Studies on the ecology of Helicobacter have proposed that various animal species harbour specific Helicobacter species. Thus, H. pylori, H. felis, H. mustelae, and  H. heilmannii  are  species  adapted  to   man,  cats/dogs,  ferrets   and     primates, respectively. (Stephen Danon et al., 1995). This notwithstanding, primates have been known to become infected with H. pylori, mouse models of H. felis which mimic the human pathology have been developed, a colony of SPF cats has been infected with a H. pylori isolate, and H. heilmannii is also known to be a natural feline Helicobacter ( Lee, 1998; Enno et al., 1995; Lee et al., 1990). Although early studies showed that mice could not be infected by clinical isolates of H. pylori, Lee et al. (1997) quickly developed a mouse model using a human clinical isolate, the “Sydney strain” of H. pylori. This is a cagA, vacA positive strain which has been widely used satisfactorily in Helicobacter-related peptic ulcer research. 

We have recently carried out an in vitro screening study of the antimicrobial activity against Helicobacter pylori (CCUG 39500) and Campylobacter jejuni-coli using 69 crude extracts obtained from Cameroonian medicinal plants (Tan et al., unpublished). The in vitro antimicrobial actions of the pure compounds used in the present study have also been demonstrated (Tan et al., unpublished). Unfortunately, these results can not be relied on as evidence of in vivo activity. Because of the high cost of equipment and instrumentation necessary to work in in vivo conditions that conform strictly to the Lausanne criteria of H. pylori experimentation, only few laboratories are privileged to work in this domain.  For example, 1 – 2 months are needed after inoculation before colonisation with the Sydney strain of H. pylori is assessed, and it takes up to 8 months before a histologically-detectable chronic active gastritis develops in mice (Lee et al., 1997). For this reason, it would be of advantage during massive screening exercises to use a low-cost short-term model that can demonstrate the antimicrobial potencies of new products in vivo. A select number of highly active products can then be used as candidates for detailed work involving pathology in collaboration with advanced laboratories.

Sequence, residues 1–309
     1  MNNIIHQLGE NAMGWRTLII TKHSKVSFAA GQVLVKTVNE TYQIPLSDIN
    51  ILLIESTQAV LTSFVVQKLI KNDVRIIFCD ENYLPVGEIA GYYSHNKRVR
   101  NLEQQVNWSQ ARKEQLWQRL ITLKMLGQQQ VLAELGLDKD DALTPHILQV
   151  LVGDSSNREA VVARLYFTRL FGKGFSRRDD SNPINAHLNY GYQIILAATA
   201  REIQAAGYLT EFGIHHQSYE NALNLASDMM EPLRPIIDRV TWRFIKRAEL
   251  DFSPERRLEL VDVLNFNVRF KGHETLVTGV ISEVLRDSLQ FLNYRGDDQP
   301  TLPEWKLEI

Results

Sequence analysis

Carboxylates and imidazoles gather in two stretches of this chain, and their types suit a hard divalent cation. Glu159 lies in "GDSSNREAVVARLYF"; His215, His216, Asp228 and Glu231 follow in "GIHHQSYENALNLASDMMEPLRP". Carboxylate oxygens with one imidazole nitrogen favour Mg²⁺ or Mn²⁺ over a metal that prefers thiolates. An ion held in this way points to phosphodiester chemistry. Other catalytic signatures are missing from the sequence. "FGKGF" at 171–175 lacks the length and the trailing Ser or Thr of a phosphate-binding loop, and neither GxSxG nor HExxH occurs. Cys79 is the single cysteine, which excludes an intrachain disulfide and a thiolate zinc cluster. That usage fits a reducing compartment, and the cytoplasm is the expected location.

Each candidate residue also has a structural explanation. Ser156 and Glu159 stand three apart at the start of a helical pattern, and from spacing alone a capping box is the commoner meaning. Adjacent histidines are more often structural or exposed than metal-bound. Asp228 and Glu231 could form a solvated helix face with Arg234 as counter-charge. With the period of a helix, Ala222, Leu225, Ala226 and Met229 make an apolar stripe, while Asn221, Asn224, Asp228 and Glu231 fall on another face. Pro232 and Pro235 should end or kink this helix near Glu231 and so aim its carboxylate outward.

The H. pylori strain used (the CCUG 39500 strain) is a human species that corresponds to the ATCC 43504 and NCTC  11637 strains (CCUG Web site a & b) which are routinely used for in vitro work largely due to their ease of cultivation (Best et al., 2003; Hassan et al., 1999; Svenson et al., 2002; Takeshi et al., 2002). Following CCUG instructions, the microbe was successfully revived and maintained in culture with regular sub culturing every 72 hours. All standard microbiological techniques for culture and assessment of colonisation were observed. However, the results obtained showed that the microbe was able to colonise the stomach mucous layer for up to 15 days maximum in contrast to the long-term colonisation usually obtained with the SS1 strain. Thus, the CCUG strain, although a human pathogen, is unable to withstand the mouse defence mechanism beyond two weeks and therefore cannot survive long enough in the mouse to induce pathological gastritis. However, the length of time the microbe survived in the mouse offers a window of opportunity to test the antimicrobial effect of anti-Helicobacter products under in vivo conditions. Thus, the decision to dose the animals with the antimicrobial products from days 2 to 4 post inoculation was based on the certainty of effective presence of the pathogen in the mucous layer within this period as shown by the Gram stain, urease and culture tests (Table 1). The SS1 strain can be left for up to one week after inoculation after which a two-week antimicrobial therapy is conducted (Lee et al., 1997). Thus, H. pylori CCUG-39500 is a human gastric mucosa-adapted strain of H. pylori, that is not adapted to mice for use in the study of the mechanism of chronic gastritis and gastric malignancy associated with H. pylori infection and to understand the pathogenesis of the infection. It may be necessary therefore to conduct pilot experiments order to ascertain the exact window of the short infection period that can be exploited for antimicrobial assessment using the CCUG-39500 strain. Since complete clearance of a standard H. pylori strain from the stomach was obtained during the treatment period, further quantitative analysis was not employed in order to detect its presence. However, it is suggested that in using the present model, quantitative evaluation, especially for new products showing partial clearance, should be carried out.